Photo Prompts For Creative Writing

Photo Prompts For Creative Writing-36
For example, at Youth Voices , a website that connects student writers from across the country under the guidance of Writing Project teachers, young scribes can participate in the Digital Photography Group .The group serves as a meeting place for members to share, distribute, and discuss photography online.

Show someone’s thoughts Add extra information to help the reader Emphasise a point Can you use brackets to add extra information? His scales (covering his body from snout to tail) were two inches thick.

Parentheses are used to: Explain what a difficult word means.

Washington explained how a single photograph can be interpreted in multiple ways based on our individual perceptions and perspectives. Barriers and opportunities, an invitation to join or a message to stay away—all of these ideas can be found in this single photograph." Words and pictures are also intermixed in a project called Photo Fridays , an online photo-sharing group started by Writing Project teachers that encourages its members (or anyone else who stops by) not only to upload original photos every Friday, but also to post any thoughts sparked by the images.

Washington chose a photo of a young wheelchair-bound woman gazing up a flight of stairs that ascend to the Greek columns guarding the entrance of a university building. The writing can be as little as a quick comment or as long as several paragraphs. The element of commenting in that creation of community is so cool. Pictures by the teachers / photography enthusiasts range from striking sunsets to portraits of pets.

According to Youth Voices, it's "a space where teachers nurture student-to-student conversations, collaborations, and civic actions that result from publishing and commenting on others' texts, images, audio and video." Photos range from images photographed, created, or manipulated by the students themselves to random stock photos.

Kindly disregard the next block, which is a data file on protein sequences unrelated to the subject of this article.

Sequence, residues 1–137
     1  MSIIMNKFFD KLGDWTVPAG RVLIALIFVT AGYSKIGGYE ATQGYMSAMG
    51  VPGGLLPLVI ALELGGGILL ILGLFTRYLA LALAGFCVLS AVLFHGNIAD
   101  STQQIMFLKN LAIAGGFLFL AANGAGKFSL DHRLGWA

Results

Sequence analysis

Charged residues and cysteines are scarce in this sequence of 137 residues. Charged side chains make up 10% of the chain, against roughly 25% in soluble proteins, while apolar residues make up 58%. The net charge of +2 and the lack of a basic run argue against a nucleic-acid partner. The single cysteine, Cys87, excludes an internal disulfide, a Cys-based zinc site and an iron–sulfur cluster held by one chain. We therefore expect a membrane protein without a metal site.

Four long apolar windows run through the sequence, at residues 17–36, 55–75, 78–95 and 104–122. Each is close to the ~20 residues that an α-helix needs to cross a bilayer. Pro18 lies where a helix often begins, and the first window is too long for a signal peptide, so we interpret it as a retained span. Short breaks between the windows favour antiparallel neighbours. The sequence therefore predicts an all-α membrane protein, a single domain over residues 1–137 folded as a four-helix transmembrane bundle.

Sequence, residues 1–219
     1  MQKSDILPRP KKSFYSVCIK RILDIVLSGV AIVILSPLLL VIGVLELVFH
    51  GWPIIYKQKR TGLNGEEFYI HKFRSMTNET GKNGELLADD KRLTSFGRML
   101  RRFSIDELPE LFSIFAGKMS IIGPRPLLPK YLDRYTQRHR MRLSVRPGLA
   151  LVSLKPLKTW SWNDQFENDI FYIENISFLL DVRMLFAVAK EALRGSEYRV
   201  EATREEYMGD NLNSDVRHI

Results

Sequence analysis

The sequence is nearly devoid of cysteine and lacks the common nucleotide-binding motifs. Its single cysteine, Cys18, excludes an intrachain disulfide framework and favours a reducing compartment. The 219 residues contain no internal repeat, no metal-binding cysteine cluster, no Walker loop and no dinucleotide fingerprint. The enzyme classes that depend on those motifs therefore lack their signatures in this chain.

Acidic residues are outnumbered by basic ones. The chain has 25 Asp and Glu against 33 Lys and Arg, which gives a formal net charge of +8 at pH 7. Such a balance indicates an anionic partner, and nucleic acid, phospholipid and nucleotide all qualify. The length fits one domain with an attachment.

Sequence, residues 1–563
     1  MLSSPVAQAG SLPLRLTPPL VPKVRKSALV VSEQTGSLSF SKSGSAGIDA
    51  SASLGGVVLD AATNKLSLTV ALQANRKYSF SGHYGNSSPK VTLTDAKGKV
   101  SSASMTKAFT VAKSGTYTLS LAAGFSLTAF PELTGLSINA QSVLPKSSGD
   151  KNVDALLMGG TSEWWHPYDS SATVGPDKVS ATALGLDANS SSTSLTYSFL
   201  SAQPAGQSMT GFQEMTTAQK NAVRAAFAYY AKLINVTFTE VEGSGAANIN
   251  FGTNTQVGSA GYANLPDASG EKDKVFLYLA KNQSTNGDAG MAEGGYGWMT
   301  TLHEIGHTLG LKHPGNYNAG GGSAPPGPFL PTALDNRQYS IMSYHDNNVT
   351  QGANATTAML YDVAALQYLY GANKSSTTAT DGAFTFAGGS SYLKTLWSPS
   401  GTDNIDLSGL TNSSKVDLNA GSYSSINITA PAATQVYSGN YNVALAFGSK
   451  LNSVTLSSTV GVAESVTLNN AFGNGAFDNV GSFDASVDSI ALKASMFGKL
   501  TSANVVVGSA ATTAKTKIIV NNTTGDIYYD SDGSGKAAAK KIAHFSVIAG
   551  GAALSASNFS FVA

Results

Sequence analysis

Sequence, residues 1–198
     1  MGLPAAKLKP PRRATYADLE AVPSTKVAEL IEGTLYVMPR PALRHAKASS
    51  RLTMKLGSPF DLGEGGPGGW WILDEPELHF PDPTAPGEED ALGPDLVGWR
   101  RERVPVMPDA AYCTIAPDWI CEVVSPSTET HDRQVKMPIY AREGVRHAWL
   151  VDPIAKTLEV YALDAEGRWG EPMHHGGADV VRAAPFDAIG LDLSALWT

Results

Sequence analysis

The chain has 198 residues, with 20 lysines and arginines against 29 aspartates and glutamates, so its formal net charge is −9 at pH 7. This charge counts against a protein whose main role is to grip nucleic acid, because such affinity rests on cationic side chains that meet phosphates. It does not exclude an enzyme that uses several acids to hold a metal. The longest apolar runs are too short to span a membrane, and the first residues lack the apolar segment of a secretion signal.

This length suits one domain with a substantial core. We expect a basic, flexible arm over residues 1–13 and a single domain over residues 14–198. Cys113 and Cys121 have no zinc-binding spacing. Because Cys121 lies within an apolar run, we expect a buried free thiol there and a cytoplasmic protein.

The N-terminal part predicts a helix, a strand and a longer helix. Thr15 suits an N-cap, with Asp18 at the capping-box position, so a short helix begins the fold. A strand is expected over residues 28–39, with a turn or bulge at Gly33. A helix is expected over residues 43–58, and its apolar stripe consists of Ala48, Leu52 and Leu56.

Users click on the photo's title to see or join the conversation that students are having about the photo's subject."For us, it's such a great way of getting to know people because it's what they really love doing, this challenge of taking photographs and putting them up there," said Kaplan, who also publishes a photo blog . I mean, everyone's going to say nice things about your photo.Or it's going to remind them of something from their lives." Indeed, the possibilities of where a single photo might lead a writer—or a teacher—are endless.Commenting on a photo of a flower lying on top of an open book, one student pondered, "I thought the flower would be cute since it reminds me of little girls in different countries around the world, picking up wild flowers in forests or gardens.I guess the only things kids have are their hopes, dreams and their laughter."The exciting thing about online communities is these challenges that people start creating," said Bonnie Kaplan, co-director and tech liaison of the Hudson Valley Writing Project (NY) and founder of Photo Fridays. The element of photos, the image, and the text has become so popular." Anyone can become a part of Photo Fridays, although most members are Writing Project teachers. Conversations about photos can start in a photo's comment section or on the group's discussion board.Either way, teachers who might live thousands of miles apart are able to begin a friendly conversation.Giving them a photo helps make things more concrete." Saunders was discussing using photos as writing prompts in an Edutopia group titled "Using Visual Art in Classes ," facilitated by Writing Project teacher-leaders Gail Desler and Troy Hicks.As if echoing Saunders, Gaetan Pappalardo, teacher-consultant of the Pennsylvania Writing and Literature Project, contributed his thoughts on the use of "picture rings." "I've collected art and photos and strung them up on a metal ring. Students are free to use them whenever they need an idea.The varied prompts include key words, questions to consider, ideas for writing, possible opening lines, suggestions for research, and more."Young writers, perhaps most writers, need provocation more than assignment, and this collection can provoke one to see—more, and more clearly—cultivating a habit of noticing and gathering," said Jim Davis, director of the Iowa Writing Project.

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